The Ghosts That Walk in Washington, illustrations by Buxhoeveden, Doubleday, 1971, published as The Spirits of '76: A Psychic Inquiry into the American Revolution, Bobbs-Merrill, 1976, and White House Ghosts, Leisure Books, 1979.
The Prophets Speak: What the Leading Psychics Say about the World of Tomorrow, Bobbs-Merrill, 1971.
Hans Holzer's Haunted Houses: A Pictorial Register of the World's Most Interesting Ghost Houses, illustrations by Buxhoeveden, photographs by author, Crown, 1972.
The Handbook of Parapsychology, Nash Publishing, 1972.
Phantoms of Dixie, Bobbs-Merrill, 1972, reprinted as Hans Holzer's Dixie Ghosts: True Recent Southern Hauntings, Donning, 1990.
The New Pagans, Doubleday, 1972.
The Habsburg Curse, Doubleday, 1973.
The Power of Hypnosis: How Mind-to-Mind Communication Works, Bobbs-Merrill, 1973.
The Witchcraft Report, Ace Books, 1973.
The Vegetarian Way of Life: How Proper Foods Determine Your Outlook, Health and Fulfillment, Pyramid Publications, 1973.
Possessed!, Fawcett, 1973.
Beyond Medicine: The Facts about Unorthodox and Psychic Healing, Regnery, 1973.
The Alchemist: The Secret Magical Life of Rudolph von Habsburg, Stein & Day, 1974.
Haunted Hollywood, Bobbs-Merrill, 1974.
Patterns of Destiny: A Primer on Reincarnation, Nash Publishing, 1974.
Directory of the Occult, Regnery, 1974.
The Truth about ESP: What It Is, How It Works, and How You Develop It, Doubleday, 1974.
The Human Dynamo, Celestial Arts, 1975.
The Psychic World of Plants, Pyramid Publications, 1975.
The Great British Ghost Hunt, Bobbs-Merrill, 1975.
Astrology: What It Can Do for You, Regnery, 1975.
The Ghost Hunter's Strangest Cases, Ace Books, 1975.
Handbook of Parapsychology, Woodhill, 1975.
The Ufonauts: New Facts on Extraterrestrial Landings, Fawcett, 1976.
Psychic Detective Number One, Woodhill, 1976.
The Psychic Side of Dreams, Doubleday, 1976.
How to Cope with Problems, Pyramid Publications, 1976.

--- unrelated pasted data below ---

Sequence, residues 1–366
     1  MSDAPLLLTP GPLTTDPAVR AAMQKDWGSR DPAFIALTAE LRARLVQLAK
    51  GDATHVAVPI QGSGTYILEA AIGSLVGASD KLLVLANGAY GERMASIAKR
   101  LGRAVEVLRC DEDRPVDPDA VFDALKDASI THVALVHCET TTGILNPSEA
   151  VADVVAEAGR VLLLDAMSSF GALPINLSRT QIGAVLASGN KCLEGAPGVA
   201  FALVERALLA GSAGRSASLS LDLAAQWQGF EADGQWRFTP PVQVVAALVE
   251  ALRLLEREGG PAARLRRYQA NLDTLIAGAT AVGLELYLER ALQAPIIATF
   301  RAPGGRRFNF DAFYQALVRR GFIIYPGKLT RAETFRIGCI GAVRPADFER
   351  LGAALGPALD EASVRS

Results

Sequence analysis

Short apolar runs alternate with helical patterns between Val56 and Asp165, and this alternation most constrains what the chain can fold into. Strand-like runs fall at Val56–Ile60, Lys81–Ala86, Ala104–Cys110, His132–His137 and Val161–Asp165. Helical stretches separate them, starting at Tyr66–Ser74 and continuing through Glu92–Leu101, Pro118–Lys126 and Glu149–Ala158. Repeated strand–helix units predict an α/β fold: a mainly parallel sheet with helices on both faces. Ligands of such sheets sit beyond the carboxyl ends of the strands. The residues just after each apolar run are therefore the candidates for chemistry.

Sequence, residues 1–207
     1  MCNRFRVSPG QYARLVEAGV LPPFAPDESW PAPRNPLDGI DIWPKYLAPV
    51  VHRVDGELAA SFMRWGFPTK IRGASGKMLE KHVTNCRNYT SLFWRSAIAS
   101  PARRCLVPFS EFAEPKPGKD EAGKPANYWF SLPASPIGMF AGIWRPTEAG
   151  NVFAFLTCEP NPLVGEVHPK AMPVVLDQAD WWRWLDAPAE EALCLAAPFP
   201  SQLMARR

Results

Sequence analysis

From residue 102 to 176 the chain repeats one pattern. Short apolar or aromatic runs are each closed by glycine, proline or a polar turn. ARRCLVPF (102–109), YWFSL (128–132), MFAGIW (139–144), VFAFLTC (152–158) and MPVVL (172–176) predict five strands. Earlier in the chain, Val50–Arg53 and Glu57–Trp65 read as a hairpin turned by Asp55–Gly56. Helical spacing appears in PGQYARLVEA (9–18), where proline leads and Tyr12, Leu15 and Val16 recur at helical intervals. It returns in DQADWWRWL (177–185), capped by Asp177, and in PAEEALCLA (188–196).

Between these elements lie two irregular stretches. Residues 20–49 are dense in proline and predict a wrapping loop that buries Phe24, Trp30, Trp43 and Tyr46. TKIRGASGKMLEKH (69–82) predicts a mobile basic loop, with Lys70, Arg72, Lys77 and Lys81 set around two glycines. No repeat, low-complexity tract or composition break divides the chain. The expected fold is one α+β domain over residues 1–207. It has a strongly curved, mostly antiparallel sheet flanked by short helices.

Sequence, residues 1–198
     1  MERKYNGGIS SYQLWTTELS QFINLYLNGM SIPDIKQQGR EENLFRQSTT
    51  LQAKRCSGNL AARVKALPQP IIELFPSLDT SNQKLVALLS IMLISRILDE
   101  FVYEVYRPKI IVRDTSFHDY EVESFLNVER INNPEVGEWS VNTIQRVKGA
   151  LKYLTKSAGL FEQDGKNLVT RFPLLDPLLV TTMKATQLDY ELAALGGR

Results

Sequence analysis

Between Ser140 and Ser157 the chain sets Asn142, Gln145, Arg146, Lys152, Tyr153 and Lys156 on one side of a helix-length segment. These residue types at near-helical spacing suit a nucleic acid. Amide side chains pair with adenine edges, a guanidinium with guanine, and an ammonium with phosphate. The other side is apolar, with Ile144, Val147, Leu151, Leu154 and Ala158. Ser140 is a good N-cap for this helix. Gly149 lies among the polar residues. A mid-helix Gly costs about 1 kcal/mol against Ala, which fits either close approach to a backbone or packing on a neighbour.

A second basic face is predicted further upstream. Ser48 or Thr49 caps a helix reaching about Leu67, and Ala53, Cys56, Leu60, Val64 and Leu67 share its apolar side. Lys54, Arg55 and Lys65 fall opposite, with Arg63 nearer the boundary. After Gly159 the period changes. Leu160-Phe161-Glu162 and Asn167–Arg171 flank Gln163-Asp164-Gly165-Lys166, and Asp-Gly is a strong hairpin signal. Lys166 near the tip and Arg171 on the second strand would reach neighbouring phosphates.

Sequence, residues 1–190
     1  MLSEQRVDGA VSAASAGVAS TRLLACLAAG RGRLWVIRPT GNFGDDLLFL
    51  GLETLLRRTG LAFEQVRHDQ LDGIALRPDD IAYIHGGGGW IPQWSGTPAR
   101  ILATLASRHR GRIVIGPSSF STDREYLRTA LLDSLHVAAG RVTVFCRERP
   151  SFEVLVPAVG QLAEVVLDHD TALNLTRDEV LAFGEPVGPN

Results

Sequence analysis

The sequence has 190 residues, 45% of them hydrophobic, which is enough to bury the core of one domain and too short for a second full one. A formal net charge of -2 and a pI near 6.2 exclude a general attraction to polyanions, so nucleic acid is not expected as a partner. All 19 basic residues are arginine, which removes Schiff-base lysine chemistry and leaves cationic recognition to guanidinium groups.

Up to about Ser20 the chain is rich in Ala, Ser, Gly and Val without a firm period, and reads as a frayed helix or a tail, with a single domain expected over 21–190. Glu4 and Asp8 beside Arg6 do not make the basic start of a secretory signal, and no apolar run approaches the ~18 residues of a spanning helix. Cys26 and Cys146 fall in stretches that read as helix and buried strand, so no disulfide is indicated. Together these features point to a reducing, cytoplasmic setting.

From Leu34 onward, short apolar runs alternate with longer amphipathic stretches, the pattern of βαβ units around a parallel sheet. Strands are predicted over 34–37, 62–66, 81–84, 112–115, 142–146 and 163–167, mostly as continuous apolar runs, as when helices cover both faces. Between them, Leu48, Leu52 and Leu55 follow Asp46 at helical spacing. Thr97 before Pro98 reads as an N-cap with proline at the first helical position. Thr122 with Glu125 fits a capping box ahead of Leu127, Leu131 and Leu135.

Dreams: Gateway of the Unconscious, Woodhill, 1977.
Some of My Best Friends Are Ghosts, Woodhill, 1978.
Elvis Presley Speaks (from the Beyond), Woodhill, 1978.
The Powers of the New Age, Woodhill, 1978.
Word Play (humor), illustrations by Katherine Weiderhold, Strawberry Hill, 1978.
Hidden Meanings in Dreams, Dale Books, 1979.
Star Ghosts, Nordon, 1979.
Signs of Love and Glory, Woodhill, 1979.
There Is an Afterlife: A Scientific Evaluation, Woodhill, 1979.
In Search of Ghosts, Woodhill, 1979.
Wicca: The Way of the Witches, Woodhill, 1979.
Pagans and Witches, Woodhill, 1979.
Super Seduction, Woodhill, 1979.
Psychic Healing, Woodhill, 1979.
Demonic Possession, Woodhill, 1980.
More Than One Life, Woodhill, 1980.
Inside Witchcraft, Woodhill, 1980.
Houses of Horror, Dorchester Publishing, 1982.
Best True Ghost Stories, Prentice-Hall, 1983.
The Ghost Hunt, Donning, 1983.
Where the Ghosts Are: Favorite Haunted Houses in America and the British Isles, Parker Publishing, 1984.
Life beyond Life: The Evidence for Reincarnation, Parker Publishing, 1985.
The Secret of Amityville, Leisure Books, 1985.
(Co-author) Yonghon kwaui taehwa, Soul T'ukpyolsi: Soum Ch'ulp'ansa, 1990.
Ghosts, Hauntings, and Possessions, Llewellyn, 1990.
Great American Ghost Stories, Dorset Press, 1990.
America's Haunted Houses: Public and Private, Longmeadow Press, 1991.
ESP, Witches, and UFOs, Llewellyn, 1991.
America's Mysterious Places, Longmeadow Press, 1992.
Long Before Columbus: How the Ancients Discovered America, Bear & Co. Pub., 1992.